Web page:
TALLAHASSEE, Fla. (WTXL) — Working to clean up Lake Munson. As county efforts to restore the lake continue, one advocacy group is calling for more to be done and a new partnership to be made with local universities.
Sharon Gray has lived in the Forest Edge neighborhood, right next to Lake Munson, since 1970.
"I walk down occasionally. I love the cypress tress. It's a beautiful lake and I would like to see it pristine," said Gray.
"The lake was already compromised. There were don't eat the fish advisories. There were don't get in the water advisories."
Since then, Leon County Commissioners have worked to restore the health of the Lake.
County Commissioner Christian Caban said in the last three decades, the county has spent over $290 million to restore the lake. Now, they're continuing to do more.
"We went from quarterly testing to monthly testing," said Caban. "We unanimously, in my direction, have aerial topographic surveys being done quarterly. We extended the draw down."
Even though the Florida Department of Environmental Protection said, "Sediment nutrient removal for total phosphorous can be accomplished at low cost via the lake drawdown," Terry Ryan doesn't think it's enough.
"Convince the county to consider different alternatives," said Ryan. "Stop the draw down which is needless and taking time and go from there."
Ryan Co-Founded the Tallahassee Sewage and Wakulla Basin Advocacy Group. That basin stretches beyond the lake, including Southeast Tallahassee.
He said the county should consider dredging the lake to help remove some of the phosphorous chemicals causing harmful algae blooms. This is another recommendation, along with further studies, the Florida DEP is making; "Due to enriched phosphorus in the system, an aggressive restoration tool would be needed to accomplish a further reduction in the system."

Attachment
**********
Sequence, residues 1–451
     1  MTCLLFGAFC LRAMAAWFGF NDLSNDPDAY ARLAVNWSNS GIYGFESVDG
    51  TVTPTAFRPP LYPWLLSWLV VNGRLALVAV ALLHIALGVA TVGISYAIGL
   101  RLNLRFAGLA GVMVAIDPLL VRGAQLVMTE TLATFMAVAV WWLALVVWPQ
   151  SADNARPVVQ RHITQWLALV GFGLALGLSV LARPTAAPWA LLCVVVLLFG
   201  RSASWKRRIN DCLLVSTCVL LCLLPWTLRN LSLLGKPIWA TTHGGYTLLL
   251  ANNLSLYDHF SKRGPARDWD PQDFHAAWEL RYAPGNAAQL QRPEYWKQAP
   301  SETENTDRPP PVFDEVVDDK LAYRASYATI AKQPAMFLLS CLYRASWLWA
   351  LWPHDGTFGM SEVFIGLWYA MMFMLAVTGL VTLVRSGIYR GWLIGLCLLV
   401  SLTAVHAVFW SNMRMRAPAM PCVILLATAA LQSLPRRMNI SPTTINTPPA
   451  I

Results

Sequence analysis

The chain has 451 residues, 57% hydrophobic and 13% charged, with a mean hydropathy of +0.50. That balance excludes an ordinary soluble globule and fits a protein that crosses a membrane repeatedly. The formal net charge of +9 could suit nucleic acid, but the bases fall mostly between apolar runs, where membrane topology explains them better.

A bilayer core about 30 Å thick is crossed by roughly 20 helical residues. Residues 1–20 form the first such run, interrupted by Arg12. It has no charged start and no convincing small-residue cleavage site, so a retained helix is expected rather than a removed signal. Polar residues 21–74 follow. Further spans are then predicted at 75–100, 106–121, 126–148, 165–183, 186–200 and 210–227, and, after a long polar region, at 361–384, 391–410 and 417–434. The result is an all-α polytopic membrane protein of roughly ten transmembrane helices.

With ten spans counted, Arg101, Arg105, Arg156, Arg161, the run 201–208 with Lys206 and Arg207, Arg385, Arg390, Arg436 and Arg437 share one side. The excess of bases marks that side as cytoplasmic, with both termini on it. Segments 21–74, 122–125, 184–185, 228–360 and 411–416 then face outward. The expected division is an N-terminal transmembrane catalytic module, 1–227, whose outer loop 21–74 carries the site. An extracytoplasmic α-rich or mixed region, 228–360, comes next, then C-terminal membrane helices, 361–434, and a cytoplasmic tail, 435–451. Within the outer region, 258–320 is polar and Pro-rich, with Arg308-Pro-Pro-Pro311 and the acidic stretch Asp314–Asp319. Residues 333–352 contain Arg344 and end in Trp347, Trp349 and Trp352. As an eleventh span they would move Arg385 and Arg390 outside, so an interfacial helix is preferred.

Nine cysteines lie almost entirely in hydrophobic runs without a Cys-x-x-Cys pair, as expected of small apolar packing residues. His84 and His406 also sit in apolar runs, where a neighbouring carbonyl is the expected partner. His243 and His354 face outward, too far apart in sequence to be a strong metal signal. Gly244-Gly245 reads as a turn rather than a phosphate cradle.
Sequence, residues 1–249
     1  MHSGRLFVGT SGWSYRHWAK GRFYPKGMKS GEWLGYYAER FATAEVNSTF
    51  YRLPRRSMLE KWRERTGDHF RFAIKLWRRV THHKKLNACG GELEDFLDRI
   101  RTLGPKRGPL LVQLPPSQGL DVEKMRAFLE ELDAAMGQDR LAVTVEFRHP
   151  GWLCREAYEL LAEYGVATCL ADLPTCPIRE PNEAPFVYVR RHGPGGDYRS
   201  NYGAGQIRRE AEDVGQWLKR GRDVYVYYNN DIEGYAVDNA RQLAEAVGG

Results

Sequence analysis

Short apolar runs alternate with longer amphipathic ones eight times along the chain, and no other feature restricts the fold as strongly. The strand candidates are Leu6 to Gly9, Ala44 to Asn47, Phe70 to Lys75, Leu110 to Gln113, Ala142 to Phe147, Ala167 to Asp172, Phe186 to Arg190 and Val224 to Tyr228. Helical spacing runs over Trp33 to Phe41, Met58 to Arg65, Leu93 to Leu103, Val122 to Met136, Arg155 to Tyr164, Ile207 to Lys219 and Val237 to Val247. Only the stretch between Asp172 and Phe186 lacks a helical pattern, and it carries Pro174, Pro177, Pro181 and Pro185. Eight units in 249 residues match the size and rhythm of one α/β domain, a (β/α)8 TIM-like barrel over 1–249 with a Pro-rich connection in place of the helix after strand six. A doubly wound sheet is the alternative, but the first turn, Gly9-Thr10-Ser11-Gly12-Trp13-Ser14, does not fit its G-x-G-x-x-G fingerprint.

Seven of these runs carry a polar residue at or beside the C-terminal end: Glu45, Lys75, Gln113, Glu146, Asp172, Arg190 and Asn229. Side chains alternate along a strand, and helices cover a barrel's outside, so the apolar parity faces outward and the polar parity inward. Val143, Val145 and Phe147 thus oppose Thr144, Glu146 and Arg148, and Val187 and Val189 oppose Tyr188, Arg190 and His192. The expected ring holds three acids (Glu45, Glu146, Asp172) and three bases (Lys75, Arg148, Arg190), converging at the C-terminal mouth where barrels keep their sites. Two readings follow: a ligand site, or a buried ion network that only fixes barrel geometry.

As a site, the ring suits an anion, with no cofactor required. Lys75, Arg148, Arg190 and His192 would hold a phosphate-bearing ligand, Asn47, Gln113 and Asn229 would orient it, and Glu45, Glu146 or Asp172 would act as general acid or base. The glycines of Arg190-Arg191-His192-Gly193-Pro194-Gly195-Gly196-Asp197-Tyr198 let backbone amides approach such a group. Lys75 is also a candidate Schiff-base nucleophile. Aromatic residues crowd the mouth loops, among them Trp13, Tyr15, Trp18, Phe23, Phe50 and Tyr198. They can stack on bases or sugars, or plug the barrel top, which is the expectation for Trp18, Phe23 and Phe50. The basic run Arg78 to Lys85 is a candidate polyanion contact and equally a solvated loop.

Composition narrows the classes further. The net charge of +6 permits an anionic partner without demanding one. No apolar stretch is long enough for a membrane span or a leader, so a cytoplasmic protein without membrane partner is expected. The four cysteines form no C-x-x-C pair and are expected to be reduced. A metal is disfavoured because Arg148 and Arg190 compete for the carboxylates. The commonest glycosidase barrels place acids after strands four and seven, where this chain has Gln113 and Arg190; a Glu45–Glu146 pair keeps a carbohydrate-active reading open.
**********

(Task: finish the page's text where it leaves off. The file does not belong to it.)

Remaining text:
Ryan is urging the county to partner with Odemaria Mbuya and a team of scientists from Florida A&M University's Center for Water Resources to do more testing and find a better solution.
"Chemicals like phosphorous are in the sludge, in the sediments, so I don't believe a draw down will solve the problem," said Mbuya. "I thnk one of the problems though if we are to move the sludges is where do we dispose it?"
Disposing the sludge is a concern of Caban's, that's why he thinks the current plan is best.
"I believe the practices that we are doing for Lake Munson is the safest and the best for Lake Munson and the surrounding community."
Either way, Gray believes restoring the lake is not an easy feat.
"The clean up of the lake, no matter what approach is taken, is complicated," said Gray.
Even though they may have different opinions on how to get the lake fixed, Ryan said restoring the lakes former beauty is everyone's priority; connecting neighbors from southwest to southeast Tallahassee.
"Restore it to a recreational area where fishing can happen, people can go out on a regular basis to do boating activities and so on," said Ryan.
Caban said the next update on water quality and amount of sediments in the lake will be presented at the county commission meeting on September 12th. You can check out their interactive map of reports on the lake at anytime online.